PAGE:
Did you know that the best defense against pests in the lawn and garden is good soil and plant health? Organic gardeners strive for an elusive balance where everything works to the benefit of a healthy crop within the ecosystem.
Renee Fortner, Assistant Supervisor of Landscaping at Warren Wilson College
, stressed starting healthy even with turfgrass. Basics like soil testing, proper watering and correct grass species can minimize the need to worry about pests. Fortner said that before she uses any chemical on the lawn she considers all of the impacts, and prefers organic methods, so "it means that I can feel good about my kid playing in the lawn." She suggested corn gluten meal as an organic pre-emergent herbicide for lawns.
|Renee Fortner, Landscaping|
Warren Wilson College
|NC Agriculture Agent Elizabeth Ayers|
Once the garden is growing, Extension Agent Elizabeth Ayers suggests inspecting plants regularly to hand-pick pests like beetles and caterpillars. She says insecticidal soap may help control mites, aphids and whiteflies. Fortner mentions hot pepper or garlic spray for landscape plants. With a growing number of commercial organic gardening products on the market, it really depends on your individual growing conditions and needs as to what works in your garden. With the general rule of minimizing inputs in organic gardening, the ideal is to not use pesticides unless necessary, and then to minimize health and environmental impacts.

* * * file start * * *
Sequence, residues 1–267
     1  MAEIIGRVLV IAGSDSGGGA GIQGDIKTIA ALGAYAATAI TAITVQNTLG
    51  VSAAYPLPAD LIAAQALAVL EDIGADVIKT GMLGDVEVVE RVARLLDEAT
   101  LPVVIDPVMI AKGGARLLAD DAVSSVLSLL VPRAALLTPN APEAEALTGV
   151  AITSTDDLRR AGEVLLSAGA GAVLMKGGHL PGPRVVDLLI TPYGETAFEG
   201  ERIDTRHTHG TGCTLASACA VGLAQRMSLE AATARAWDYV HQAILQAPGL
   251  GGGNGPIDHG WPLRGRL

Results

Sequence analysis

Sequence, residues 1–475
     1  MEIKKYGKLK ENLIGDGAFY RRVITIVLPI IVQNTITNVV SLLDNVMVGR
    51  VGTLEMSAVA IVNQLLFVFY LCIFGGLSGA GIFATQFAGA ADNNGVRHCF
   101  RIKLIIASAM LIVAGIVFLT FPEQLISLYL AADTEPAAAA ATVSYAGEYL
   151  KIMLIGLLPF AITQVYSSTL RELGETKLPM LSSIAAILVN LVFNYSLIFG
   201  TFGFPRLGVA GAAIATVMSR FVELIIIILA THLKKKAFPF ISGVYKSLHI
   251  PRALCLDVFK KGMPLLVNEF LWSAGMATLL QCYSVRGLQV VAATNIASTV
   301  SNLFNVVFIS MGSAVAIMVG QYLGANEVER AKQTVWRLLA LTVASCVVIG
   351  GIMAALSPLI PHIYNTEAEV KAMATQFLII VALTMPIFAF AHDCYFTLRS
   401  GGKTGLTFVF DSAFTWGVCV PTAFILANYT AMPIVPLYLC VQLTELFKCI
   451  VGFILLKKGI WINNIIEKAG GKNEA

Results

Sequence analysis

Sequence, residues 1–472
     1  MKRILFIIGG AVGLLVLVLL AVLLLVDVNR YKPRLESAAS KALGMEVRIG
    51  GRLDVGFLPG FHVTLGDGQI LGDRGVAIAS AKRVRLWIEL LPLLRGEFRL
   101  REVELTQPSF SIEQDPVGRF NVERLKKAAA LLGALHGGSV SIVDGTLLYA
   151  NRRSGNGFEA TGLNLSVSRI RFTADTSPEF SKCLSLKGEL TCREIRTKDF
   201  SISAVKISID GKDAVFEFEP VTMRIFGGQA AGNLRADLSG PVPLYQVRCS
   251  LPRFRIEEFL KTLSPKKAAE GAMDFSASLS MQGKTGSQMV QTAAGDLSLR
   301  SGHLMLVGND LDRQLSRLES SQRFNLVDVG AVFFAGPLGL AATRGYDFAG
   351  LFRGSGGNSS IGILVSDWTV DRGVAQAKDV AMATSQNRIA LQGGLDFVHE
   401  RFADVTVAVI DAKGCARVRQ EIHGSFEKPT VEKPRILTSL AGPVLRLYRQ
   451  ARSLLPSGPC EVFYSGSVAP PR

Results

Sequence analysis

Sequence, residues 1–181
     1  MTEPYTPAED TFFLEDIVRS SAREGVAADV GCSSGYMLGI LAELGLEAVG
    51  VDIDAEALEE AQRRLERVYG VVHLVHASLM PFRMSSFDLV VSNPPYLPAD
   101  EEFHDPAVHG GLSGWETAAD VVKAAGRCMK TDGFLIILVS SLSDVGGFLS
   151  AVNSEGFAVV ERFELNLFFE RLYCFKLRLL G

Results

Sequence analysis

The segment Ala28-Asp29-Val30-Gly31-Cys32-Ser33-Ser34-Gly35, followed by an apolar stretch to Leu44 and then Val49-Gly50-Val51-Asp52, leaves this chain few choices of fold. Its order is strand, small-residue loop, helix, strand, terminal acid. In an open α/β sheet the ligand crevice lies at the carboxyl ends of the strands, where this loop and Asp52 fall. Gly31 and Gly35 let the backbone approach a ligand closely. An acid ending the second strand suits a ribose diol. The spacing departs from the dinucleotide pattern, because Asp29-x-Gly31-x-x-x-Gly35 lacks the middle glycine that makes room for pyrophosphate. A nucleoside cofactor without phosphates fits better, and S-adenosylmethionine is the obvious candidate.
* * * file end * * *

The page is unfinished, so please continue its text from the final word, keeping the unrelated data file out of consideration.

After a growing season of avoiding commercial products in lieu of minimally invasive methods, and sometimes losing the battle to bugs, I'm resisting the urge to stock up on every possible new organic pest control product. Thanks to Fortner, Ayers, and the other instructors at the Organic Growers School
for helping to educate even amateur gardeners like me.
Labels: education, garden, green, natural, sustainable